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Gone fishing: Tales from Eleven Mile Reservoir's vast frozen expanse

An ice covered Eleven Mile Reservoir
Posted at 8:17 AM, Jan 20, 2022
and last updated 2022-01-20 11:30:43-05

COLORADO SPRINGS — Come snow or wind, brutally low temperatures or bright and sunny days; if the ice is covering Eleven Mile Reservoir, you'll find ice anglers out drilling holes, dropping lures, and spending all day out on the frozen expanse pursuing this extremely Coloradan pastime.

The reservoir finally capped over in the second half of December, later than it has in a number of years according to Darcy Mount, park manager for both Eleven Mile and Spinney State Parks, but as soon as it did, the crowd started rolling in.

With the ice finally coming on, the park will expect to see many anglers eager to begin ice fishing at the popular destination. For the months of December through January over the last four years, Eleven Mile has averaged just over 46,000 visitors in the wintertime. The almost exclusive winter activity at Eleven Mile is ice fishing.
Jason Clay, CPW

Throughout the week you may find a healthy scattering of huts and encampments stationed out on the shiny surface of this extremely popular fishing locale, but CPW reports that on the weekends, you can often find hundreds taking to the ice.

"We know that there are always going to be fishermen at Eleven Mile, no matter what the conditions are, whether it's ice or middle of the summer," said Mount.

You have large groups and families making the trip a whole-day affair, you have those that enjoy the peace and solitude that the reservoir has to offer, and there are those that fall squarely in between.

For one fisherman, it's all about the peace, "I enjoy being able to come out here and walk across the expanse, go anywhere I want, drill a hole, and sit; away from civilization, away from all the hectic craziness of the world. Yeah, mostly I'm just here for the peace."

For another fisherman, out with family and friends, the day is about passing on traditions and good quality time, "We brought a little grill out, we're going to cook some brats and hot dogs and enjoy lunch out here and hang out. The kids will play in the ice and the snow and we'll fish and hopefully catch something and just have a good time."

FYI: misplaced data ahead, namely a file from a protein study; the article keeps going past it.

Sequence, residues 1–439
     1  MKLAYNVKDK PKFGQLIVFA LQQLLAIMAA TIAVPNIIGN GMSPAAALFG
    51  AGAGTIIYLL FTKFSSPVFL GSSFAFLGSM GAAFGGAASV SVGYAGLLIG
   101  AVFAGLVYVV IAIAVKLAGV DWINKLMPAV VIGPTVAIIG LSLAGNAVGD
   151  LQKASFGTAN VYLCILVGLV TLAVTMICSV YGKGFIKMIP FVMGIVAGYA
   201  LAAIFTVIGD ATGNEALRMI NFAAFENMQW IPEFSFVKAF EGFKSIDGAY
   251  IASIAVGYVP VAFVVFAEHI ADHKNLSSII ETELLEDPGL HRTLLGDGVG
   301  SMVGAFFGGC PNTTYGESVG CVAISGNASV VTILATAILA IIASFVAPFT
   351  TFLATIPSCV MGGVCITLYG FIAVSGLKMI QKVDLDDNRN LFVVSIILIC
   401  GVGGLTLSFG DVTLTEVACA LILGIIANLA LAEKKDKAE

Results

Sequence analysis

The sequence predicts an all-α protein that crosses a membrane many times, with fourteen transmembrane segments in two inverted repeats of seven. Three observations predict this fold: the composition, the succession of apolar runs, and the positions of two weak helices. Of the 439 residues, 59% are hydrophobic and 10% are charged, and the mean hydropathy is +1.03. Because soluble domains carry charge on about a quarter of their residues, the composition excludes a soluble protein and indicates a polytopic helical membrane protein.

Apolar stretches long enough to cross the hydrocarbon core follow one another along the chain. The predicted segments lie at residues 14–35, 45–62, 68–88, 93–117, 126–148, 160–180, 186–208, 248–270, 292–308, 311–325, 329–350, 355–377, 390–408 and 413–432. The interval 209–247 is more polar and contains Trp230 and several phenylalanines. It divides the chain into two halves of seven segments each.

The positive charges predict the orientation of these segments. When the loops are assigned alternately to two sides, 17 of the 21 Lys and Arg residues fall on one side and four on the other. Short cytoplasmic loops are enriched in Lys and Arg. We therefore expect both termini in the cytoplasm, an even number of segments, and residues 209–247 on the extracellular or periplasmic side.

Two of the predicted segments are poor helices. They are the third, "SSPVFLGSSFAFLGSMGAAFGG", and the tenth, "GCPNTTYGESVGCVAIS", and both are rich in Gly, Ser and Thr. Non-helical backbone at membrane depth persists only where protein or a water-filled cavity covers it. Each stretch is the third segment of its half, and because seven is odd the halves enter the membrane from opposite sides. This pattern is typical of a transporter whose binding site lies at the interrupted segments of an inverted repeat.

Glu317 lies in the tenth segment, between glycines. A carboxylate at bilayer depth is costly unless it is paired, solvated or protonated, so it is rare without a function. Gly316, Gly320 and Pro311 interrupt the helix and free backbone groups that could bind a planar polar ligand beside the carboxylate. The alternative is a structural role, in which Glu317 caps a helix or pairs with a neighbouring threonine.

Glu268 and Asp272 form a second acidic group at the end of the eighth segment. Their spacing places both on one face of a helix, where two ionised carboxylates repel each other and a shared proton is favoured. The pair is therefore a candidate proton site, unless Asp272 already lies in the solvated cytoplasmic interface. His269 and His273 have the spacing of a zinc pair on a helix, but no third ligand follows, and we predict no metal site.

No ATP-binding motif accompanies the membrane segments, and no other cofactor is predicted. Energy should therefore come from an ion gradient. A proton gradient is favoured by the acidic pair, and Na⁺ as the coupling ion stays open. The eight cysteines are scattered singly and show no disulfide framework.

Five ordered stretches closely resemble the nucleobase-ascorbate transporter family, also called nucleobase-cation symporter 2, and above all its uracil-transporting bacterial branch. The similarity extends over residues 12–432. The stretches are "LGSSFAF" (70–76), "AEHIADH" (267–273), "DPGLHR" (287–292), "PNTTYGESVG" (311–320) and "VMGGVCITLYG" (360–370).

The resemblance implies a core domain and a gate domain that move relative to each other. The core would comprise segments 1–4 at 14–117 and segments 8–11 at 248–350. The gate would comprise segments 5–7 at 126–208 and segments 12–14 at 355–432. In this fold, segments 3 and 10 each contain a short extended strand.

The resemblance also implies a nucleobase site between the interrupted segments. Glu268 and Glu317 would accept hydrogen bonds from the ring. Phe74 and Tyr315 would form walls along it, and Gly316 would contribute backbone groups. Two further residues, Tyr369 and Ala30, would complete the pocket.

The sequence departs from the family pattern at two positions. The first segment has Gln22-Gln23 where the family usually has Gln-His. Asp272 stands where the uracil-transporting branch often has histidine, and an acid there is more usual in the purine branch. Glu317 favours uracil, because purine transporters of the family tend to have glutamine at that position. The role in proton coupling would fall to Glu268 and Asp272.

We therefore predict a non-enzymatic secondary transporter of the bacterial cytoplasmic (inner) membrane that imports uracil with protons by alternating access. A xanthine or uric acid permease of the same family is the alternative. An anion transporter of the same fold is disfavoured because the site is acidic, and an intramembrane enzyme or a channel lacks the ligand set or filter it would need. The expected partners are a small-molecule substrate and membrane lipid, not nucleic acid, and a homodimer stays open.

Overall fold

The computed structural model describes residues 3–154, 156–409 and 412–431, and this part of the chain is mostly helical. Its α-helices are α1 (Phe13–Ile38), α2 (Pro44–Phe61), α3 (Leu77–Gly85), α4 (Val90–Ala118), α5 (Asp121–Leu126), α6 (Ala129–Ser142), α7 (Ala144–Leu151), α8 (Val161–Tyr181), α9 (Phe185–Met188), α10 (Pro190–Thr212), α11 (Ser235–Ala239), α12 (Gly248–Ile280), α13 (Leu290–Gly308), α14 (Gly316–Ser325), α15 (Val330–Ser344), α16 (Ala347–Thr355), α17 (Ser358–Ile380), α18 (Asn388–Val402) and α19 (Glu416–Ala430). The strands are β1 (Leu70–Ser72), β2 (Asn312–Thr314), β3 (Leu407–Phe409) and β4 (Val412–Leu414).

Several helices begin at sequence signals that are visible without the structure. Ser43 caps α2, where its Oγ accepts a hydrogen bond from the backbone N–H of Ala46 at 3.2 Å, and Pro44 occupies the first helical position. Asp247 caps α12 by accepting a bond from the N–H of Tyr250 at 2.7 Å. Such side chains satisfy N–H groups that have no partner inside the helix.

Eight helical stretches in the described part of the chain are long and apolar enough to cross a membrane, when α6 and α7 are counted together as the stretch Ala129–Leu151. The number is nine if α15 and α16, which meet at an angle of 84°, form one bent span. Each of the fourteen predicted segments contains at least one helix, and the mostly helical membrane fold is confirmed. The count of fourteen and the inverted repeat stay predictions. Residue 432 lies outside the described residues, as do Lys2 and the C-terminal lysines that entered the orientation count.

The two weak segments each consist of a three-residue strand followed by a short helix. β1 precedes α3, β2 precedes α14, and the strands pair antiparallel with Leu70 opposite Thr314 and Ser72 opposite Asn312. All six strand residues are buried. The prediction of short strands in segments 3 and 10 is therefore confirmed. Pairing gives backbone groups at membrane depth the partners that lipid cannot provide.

However, while various anglers may have different hopes and goals for a day out on the frozen reservoir, many that we spoke with seemed to agree that actually hauling in a catch was secondary to enjoying the special brand of relaxation that accompanies fishing through the ice.

The goal is having fun," commented one, "catching a fish is just the icing on the cake."

"Yeah," agreed another angler, "that's for me."

"Absolutely," laughed a third fisherman, "but let's be honest, for a lot of people, the icing is the best part of the cake."

Now that we've had a chance to catch up with our cold weather fishermen/women, let's check in with Darcy Mount (CPW) and take a brief look at what all goes into stocking Eleven Mile and Spinney.

Throughout the winter months, Mt. Shavano hatchery stocks about 200,000 ready-to-catch trout between Eleven Mile and Spinney Reservoirs.

"It's about every other week from December to March," stated Darcy, "and they do Eleven Mile one week and Spinney the next."

Each visit from the hatchery brings about 20,000 fish to either state park, a cargo that Darcy reports is unloaded in about 20-30 minutes and is delivered through the ice.

Behind the Scenes: Stocking Eleven Mile Reservoir

Of course when it comes to an iced over lake or reservoir, CPW always advises to "know before you go," check the conditions and pack the appropriate gear and clothing.

You can find weather and ice reports at both the MARINA'S WEBSITE and also the PARK'S WEBSITE.